The student will understand and be able to:
write programs that can be run on real data or self programmed artificial data;
calculate mean, standard deviations, and other statistical parameters;
evaluate when normal distribution is a suitable approximation and when other probability distributions are needed;
understand the meaning and difference between "sigma" and confidence levels;
calculate estimates for the confidence levels of a set of measurements;
compare statistical parameters from different datasets or to model data;
quantify whether a small deviation observed in the data is significant;
plan observations based on statistical requirements for the data;
understand that Pearson's correlation coefficient and linear regression are fully independent measures of the data;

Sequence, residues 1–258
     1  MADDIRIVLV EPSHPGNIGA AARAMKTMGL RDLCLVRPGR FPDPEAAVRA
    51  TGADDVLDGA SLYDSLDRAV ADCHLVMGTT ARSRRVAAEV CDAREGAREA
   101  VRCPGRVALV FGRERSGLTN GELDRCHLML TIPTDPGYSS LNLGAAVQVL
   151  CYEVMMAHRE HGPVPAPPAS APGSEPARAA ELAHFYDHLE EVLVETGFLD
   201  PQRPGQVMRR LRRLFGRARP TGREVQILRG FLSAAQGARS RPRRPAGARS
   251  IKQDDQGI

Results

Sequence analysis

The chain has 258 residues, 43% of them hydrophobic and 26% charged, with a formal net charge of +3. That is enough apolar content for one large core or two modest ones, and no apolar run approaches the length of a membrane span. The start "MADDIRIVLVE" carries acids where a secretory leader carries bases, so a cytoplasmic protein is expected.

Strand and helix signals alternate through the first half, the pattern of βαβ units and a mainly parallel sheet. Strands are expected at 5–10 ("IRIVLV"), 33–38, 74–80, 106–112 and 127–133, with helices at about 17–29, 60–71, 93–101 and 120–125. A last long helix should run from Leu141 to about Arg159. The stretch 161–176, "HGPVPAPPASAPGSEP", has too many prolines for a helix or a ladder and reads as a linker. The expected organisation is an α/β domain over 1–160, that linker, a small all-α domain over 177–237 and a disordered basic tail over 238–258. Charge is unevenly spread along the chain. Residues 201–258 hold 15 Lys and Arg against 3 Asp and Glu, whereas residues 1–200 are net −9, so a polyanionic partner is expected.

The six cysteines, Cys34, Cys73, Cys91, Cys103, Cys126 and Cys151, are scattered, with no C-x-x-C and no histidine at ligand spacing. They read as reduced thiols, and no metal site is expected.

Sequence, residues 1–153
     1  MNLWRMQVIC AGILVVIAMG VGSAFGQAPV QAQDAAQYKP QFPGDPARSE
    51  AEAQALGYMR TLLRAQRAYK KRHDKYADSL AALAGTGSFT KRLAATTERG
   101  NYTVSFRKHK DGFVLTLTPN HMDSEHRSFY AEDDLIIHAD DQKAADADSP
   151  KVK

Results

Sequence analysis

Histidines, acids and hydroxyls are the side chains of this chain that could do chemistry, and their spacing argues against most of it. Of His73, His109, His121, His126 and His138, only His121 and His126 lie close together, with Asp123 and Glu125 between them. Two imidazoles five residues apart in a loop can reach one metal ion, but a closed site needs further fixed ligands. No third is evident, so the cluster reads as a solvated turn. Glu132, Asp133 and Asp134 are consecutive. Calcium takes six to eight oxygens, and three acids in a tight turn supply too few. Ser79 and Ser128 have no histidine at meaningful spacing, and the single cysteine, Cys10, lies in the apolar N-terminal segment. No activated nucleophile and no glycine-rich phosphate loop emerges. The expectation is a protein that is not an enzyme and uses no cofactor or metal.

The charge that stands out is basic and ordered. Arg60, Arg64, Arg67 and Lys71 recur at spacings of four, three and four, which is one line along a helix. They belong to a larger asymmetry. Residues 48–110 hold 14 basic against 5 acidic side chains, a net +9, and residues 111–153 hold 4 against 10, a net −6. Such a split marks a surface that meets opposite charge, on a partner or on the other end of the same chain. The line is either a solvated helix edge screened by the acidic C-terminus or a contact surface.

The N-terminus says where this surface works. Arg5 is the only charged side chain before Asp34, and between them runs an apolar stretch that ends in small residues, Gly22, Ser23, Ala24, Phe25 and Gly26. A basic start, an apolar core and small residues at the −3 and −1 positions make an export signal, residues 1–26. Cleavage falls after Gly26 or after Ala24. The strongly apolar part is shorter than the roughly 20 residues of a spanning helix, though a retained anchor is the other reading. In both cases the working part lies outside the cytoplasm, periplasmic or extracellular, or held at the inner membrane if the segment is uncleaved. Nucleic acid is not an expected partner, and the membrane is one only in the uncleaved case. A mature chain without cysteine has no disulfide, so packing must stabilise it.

understand that all correlations need not to be linear;
perform a least squares fit to a dataset and critically evaluate when it is a sensible thing to do;
evaluate when non-parametric tests are more suitable for analysis of the data;
understand the concepts of time series analysis in evenly spaced and unevenly spaced data;
evaluate the goodness of a random number generator in one's simulations;
understand the conceptual difference and similarities between a direct and an inverse problem;
evaluate when a bayesian analysis method is suitable for problem solving;
make a real attempt for a bayesian analysis solving.